HAMDEN, Conn. (WTNH) — The Republican presidential candidates are focused on South Carolina for Saturday’s crucial primary, and Quinnipiac University is out with its latest prediction. The head of the polling institute spoke about the challenges facing pollsters these days.
The Quinnipiac University Polling Institute is one of the best around, but even it called the Iowa caucuses wrong. Remember the poll that came out the day of the caucuses? It had Donald Trump beating Ted Cruz by 7 points. Cruz ended up beating Trump by three. That is a ten point swing. Some of the reasons?
“It’s a very low turnout,” explained Quinnipiac Polling Institute Executive Director Doug Schwartz. “In this race, Ted Cruz had a very strong ground operation that really was undetected in the polls.”
Schwartz said that other challenges to polling these days come from technology. It used to be pollsters went door to door talking to people in person. In the 1970s, they just went through the phone book and called people’s houses.
Now, about 50 percent of people own only a cell phone. They don’t own a landline, and they tend to be disproportionately young people.”
Federal regulations prohibit automated calls to cellphones, so it has to be real people calling. The trouble with cellphones is they all have caller ID, and cellphone users are less likely to answer unknown calls. Plus, cell phone users can be driving, working, or doing any number of things that make them say no to answering poll questions. Cellphone-only users tend to be younger and more liberal, so ignoring them can skew a poll. There are polls that people take online. Those skew younger, too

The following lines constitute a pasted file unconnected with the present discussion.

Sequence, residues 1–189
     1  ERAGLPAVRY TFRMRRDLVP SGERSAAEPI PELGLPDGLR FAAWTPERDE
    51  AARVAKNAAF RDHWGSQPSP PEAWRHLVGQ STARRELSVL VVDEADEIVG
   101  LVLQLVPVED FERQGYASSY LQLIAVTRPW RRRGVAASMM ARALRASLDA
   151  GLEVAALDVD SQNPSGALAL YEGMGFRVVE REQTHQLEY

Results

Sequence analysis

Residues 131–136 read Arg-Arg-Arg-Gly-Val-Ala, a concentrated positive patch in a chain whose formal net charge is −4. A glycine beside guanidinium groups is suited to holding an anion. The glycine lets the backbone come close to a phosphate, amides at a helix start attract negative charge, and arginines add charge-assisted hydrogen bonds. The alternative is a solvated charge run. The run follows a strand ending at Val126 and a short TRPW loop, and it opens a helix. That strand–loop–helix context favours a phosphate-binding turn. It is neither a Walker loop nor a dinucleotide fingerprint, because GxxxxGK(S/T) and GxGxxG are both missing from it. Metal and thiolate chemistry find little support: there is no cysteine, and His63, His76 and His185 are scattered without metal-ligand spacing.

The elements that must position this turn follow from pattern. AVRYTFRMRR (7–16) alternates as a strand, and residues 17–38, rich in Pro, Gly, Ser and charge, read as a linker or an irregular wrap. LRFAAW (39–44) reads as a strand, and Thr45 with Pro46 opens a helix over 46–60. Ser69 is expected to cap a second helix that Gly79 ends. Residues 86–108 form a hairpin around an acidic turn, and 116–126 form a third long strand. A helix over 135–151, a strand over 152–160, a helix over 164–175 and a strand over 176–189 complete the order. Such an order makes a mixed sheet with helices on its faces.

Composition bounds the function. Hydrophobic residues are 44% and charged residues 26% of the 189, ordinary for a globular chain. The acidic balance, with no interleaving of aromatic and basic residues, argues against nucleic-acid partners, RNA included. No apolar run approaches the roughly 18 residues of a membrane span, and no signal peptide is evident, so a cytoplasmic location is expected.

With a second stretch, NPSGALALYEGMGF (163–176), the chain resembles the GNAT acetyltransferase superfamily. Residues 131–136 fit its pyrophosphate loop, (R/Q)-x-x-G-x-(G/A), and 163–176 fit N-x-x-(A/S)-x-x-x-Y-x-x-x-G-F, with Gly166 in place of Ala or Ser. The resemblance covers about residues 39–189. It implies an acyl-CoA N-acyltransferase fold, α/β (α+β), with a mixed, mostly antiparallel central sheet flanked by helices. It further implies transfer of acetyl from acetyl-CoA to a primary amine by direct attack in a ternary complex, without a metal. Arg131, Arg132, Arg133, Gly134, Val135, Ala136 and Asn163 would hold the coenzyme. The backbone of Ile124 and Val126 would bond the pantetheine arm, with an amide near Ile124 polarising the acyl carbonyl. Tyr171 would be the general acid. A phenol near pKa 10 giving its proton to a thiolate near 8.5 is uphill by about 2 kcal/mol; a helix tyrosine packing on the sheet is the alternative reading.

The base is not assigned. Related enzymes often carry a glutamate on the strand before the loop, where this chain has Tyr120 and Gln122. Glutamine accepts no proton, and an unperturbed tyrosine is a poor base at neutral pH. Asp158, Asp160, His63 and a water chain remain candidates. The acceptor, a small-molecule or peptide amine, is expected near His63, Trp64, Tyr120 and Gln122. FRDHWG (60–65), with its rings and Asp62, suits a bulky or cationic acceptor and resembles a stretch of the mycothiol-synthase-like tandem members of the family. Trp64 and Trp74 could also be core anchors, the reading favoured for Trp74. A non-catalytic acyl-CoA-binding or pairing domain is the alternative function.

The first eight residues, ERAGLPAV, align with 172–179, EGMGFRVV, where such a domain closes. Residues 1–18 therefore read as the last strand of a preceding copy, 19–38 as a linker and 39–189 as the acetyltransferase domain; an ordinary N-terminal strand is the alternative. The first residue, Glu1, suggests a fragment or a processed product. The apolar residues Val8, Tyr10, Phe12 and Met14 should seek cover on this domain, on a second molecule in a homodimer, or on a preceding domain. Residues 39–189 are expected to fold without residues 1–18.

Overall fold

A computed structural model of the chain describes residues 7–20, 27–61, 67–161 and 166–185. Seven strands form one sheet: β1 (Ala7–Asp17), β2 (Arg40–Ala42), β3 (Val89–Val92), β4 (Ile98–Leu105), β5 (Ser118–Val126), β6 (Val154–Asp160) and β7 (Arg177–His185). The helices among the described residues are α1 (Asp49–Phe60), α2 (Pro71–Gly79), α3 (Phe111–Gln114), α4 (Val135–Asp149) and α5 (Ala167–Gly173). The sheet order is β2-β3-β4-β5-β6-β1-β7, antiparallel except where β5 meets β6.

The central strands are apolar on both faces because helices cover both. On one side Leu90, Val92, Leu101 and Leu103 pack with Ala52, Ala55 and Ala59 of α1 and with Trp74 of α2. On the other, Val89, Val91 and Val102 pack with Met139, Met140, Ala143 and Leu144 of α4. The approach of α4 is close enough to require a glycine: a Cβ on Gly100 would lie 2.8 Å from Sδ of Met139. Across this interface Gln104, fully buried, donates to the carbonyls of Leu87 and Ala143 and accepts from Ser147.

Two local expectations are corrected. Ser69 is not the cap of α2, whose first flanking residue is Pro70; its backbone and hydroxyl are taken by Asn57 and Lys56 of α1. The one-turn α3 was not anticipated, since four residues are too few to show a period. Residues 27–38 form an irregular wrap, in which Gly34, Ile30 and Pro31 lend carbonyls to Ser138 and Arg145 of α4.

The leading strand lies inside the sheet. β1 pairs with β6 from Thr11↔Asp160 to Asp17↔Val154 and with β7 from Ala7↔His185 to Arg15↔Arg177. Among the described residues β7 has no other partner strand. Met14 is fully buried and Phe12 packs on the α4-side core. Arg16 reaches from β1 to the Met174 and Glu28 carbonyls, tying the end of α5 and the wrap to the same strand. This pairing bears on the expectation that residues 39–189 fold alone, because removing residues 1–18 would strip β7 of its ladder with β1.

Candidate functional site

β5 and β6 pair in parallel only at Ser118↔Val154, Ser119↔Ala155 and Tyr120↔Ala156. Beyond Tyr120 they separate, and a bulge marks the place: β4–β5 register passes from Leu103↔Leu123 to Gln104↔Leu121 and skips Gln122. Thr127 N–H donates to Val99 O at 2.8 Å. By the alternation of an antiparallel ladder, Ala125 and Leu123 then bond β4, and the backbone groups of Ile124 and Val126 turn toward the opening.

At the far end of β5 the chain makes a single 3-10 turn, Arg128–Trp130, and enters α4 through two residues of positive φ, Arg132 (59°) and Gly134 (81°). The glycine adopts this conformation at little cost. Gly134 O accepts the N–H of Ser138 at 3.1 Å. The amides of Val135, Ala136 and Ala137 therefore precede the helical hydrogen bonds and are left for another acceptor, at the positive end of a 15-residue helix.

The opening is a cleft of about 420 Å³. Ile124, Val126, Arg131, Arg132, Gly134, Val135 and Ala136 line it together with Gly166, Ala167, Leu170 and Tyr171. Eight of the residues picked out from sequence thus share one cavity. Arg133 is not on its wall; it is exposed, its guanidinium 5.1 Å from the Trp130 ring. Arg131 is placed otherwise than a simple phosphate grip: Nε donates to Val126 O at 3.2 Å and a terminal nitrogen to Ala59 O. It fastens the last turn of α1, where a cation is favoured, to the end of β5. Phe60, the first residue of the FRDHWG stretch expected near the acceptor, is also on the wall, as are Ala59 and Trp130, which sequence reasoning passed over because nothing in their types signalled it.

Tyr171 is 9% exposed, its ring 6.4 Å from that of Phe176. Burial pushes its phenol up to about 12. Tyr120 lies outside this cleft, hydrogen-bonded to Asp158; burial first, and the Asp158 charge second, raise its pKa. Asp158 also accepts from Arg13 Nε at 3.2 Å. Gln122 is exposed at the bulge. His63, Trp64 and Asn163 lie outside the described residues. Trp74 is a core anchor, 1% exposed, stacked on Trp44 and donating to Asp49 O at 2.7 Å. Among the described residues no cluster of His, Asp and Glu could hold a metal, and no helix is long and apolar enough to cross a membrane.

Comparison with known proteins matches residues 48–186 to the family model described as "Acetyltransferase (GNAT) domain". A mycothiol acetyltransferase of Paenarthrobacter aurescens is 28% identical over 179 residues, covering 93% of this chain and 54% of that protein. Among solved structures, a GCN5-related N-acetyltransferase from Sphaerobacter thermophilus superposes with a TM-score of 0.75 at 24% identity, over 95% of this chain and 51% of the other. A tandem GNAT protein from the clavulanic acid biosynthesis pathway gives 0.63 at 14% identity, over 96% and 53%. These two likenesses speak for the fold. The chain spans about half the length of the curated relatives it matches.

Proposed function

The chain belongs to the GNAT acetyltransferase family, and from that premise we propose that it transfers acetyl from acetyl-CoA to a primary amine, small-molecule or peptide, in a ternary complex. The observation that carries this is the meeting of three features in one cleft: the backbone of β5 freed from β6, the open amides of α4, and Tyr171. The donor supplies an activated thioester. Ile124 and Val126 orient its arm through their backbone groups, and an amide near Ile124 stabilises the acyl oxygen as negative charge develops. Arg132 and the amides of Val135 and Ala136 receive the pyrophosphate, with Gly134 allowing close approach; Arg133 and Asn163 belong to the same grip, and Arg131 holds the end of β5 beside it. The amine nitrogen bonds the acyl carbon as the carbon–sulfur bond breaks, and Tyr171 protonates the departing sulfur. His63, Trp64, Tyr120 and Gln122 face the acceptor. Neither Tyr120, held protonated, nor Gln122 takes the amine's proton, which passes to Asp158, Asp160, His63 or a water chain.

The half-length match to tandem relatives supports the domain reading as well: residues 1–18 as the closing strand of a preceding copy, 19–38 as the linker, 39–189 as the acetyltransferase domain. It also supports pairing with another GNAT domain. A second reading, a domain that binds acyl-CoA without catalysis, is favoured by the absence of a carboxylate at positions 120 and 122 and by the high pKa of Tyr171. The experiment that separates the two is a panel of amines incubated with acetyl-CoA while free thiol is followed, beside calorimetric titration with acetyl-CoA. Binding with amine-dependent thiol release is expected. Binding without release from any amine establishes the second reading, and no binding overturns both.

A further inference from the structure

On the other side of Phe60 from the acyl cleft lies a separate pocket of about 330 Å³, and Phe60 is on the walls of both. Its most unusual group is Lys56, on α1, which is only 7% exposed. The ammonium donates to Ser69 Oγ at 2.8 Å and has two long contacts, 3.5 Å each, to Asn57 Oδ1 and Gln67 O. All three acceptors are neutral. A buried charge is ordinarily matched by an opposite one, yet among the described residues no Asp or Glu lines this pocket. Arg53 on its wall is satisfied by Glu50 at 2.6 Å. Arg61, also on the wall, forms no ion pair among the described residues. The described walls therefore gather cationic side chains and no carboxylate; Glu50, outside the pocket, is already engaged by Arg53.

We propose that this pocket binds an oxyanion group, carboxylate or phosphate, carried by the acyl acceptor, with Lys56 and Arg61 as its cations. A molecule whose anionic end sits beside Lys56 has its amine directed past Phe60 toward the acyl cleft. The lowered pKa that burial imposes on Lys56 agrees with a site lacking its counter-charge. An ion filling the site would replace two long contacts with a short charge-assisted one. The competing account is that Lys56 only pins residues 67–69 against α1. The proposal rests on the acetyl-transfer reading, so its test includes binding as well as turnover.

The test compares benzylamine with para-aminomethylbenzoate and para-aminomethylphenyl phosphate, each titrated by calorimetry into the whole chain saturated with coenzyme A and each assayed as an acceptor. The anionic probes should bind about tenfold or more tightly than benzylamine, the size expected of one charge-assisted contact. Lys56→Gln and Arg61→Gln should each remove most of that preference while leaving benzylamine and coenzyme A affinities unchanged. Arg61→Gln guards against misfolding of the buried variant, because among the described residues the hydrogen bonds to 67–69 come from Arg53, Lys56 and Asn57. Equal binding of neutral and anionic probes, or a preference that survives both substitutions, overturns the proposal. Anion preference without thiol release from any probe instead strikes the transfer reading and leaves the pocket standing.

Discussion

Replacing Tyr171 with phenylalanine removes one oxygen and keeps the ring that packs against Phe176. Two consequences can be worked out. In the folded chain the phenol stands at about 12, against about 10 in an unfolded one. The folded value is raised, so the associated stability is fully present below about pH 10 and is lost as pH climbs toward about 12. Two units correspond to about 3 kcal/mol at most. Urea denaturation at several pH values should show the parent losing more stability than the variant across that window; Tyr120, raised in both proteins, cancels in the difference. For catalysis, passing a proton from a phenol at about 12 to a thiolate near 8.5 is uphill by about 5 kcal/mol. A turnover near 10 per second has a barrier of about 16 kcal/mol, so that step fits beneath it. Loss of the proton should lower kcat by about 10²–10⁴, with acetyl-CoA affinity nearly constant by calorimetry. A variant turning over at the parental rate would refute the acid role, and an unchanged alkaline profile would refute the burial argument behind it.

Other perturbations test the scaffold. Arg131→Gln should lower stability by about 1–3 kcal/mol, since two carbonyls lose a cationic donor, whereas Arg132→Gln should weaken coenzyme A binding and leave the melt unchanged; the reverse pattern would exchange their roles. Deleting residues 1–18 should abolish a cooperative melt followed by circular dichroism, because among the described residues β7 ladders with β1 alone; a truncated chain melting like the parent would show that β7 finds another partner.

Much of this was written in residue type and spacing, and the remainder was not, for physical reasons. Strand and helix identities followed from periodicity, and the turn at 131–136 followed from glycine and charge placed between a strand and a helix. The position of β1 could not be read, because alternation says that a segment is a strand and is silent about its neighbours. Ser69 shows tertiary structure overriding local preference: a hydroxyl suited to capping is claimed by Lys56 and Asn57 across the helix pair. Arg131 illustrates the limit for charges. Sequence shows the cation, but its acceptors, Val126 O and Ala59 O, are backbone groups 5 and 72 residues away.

“A bigger problem with online polling is that it’s a self-selected sample – it’s people who volunteer,” explained Schwartz. “The key for scientific polling is that you have to have a random sample.”
It’s tougher, but not impossible, to gauge opinions, and the Q.U. poll agrees with most others that Donald Trump has a big lead going into tomorrow’s primary, maybe as much as 20 points.
The democratic primary is a week later, and right now, former Secretary of State Hillary Clinton has a clear lead in South Carolina, but nationally, she is in a virtual tie with Vermont Senator Bernie Sanders.